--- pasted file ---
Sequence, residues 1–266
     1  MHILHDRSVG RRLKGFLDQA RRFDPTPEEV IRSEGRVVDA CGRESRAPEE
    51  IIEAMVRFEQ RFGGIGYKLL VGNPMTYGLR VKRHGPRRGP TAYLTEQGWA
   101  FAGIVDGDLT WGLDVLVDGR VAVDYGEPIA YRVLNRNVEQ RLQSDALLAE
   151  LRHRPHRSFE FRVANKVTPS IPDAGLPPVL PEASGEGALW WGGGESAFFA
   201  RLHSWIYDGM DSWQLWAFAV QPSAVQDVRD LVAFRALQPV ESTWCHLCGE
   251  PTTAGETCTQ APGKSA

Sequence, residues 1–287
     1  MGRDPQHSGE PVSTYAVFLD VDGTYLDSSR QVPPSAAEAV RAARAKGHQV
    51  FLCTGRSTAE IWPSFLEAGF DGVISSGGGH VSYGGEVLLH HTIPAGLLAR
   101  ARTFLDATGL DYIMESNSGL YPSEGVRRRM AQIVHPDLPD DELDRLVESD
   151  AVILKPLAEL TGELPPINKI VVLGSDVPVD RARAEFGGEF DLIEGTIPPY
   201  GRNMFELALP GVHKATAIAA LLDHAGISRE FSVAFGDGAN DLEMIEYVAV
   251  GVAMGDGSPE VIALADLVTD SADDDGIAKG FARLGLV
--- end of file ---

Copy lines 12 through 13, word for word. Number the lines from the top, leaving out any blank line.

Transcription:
   151  AVILKPLAEL TGELPPINKI VVLGSDVPVD RARAEFGGEF DLIEGTIPPY
   201  GRNMFELALP GVHKATAIAA LLDHAGISRE FSVAFGDGAN DLEMIEYVAV